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Man in 'Braveheart' costume prepares for property battle with Monroe

A Monroe native says the town is allowing a neighboring property owner to expand their land and put up a commercial development right next to him.

News 12 Staff

Jan 26, 2023, 10:23 PM

Updated 510 days ago

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A Monroe native has come back to Connecticut to fight for his property.
He says the town is allowing a neighboring property owner to expand their land and put up a commercial development right next to him.
"If I get a deal, I'll go home. If I don't get a deal, I'll charge," said Jason DuBac, dressed as the Scottish warrior in "Braveheart" and waving an American flag.
The 51-year-old says he's fighting for his freedom when it comes to his property on Spring Hill Road in Monroe.
"The first real knowledge I had of this was just over two weeks ago," said DuBac.
DuBac grew up at 373 Spring Hill Road, which is right across the street from an abandoned property that the owner wants to expand to an acre so she can put up a restaurant.
"Everybody needs another restaurant," said DuBac.
DuBac's estranged sister now lives in the house and is not putting up a fight.
DuBac drove four hours this morning from Vermont, where he now lives, to speak with News 12.
He and his sister both now own the property.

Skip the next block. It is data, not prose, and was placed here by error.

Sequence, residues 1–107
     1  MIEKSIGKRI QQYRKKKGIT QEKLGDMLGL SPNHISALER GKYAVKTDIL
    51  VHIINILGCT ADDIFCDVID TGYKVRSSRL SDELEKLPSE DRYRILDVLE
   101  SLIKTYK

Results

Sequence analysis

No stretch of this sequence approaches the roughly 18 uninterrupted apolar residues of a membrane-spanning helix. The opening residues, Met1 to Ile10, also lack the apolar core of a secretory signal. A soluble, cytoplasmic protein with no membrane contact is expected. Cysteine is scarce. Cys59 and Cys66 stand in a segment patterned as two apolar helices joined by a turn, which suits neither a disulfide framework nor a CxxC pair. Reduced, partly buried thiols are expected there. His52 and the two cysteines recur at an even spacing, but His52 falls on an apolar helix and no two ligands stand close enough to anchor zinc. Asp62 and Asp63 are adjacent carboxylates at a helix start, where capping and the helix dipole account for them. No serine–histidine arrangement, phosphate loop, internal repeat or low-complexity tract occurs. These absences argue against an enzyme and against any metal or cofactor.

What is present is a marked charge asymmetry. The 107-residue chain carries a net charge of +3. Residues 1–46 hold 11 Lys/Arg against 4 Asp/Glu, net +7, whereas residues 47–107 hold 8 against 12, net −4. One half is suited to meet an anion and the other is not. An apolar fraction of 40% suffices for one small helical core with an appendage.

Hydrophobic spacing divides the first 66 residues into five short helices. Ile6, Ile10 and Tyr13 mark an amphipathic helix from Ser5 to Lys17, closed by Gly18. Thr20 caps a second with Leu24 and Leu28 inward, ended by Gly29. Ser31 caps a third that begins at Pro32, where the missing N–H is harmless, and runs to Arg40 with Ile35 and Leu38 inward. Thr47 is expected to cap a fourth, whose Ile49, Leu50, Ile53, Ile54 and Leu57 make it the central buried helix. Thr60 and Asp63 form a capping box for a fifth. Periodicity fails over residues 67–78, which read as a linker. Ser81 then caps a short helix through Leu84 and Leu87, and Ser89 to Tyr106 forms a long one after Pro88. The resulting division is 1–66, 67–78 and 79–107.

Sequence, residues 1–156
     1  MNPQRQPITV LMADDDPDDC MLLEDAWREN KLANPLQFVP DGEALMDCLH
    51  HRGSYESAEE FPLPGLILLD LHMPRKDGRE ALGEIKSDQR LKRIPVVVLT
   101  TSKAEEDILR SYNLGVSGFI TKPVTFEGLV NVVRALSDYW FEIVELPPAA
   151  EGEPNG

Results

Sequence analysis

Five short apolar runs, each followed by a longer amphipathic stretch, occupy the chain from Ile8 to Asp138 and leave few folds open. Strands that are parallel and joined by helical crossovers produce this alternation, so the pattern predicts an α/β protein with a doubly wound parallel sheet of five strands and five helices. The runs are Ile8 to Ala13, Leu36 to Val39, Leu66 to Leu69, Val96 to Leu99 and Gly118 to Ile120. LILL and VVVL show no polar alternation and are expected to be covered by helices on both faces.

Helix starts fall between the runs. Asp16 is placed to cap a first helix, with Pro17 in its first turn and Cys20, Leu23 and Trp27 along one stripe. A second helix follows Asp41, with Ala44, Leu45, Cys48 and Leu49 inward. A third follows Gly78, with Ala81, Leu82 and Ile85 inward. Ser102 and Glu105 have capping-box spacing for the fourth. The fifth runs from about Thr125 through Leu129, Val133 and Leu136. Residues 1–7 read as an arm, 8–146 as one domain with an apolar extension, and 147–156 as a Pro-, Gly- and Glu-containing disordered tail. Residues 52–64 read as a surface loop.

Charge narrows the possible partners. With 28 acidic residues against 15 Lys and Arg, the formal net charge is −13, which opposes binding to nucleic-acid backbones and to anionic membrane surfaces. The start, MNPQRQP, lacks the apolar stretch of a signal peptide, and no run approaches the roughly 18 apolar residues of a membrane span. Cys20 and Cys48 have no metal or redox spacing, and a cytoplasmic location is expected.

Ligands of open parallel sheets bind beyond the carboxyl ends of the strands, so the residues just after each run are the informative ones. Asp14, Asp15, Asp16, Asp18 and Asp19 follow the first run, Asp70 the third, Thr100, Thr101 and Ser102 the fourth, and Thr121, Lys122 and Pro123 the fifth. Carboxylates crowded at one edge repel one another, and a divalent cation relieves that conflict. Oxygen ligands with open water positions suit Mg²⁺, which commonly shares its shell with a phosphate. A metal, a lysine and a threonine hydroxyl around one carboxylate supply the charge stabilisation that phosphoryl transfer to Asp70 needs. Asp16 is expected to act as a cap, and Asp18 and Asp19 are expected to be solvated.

Monroe First Selectman Ken Kellogg sent an email to News 12 Connecticut today saying, "The Town worked with our special counsel, Attorney Vincent Marino, on the discontinuance of this small portion of Spring Hill Road, to ensure that proper procedures were followed. All required notices were sent to adjacent property owners, as prescribed by state law, as determined on the land records."
DuBac says the town sent the notification to his deceased parents and not him.
"And I believe this is totally unfair, totally improper. It's very easy to find somebody who's next of kin. You know, you find out you're sending registered mail to dead people, you Google them. I don't know - their obituary comes up," said DuBac.
In the process, the town says it wants to close the portion of Spring Hill Road that leads to his home, which was scheduled to be foreclosed on this weekend.
DuBac says doing that will lower the property value even more. DuBac's attorney has delayed the foreclosure until May.
He owes about $3,000 on the home.
The first selectman says the Town Council has had this matter on their agenda for some time and, during its Jan. 9 meeting, took final action to discontinue that portion of Spring Hill Road.


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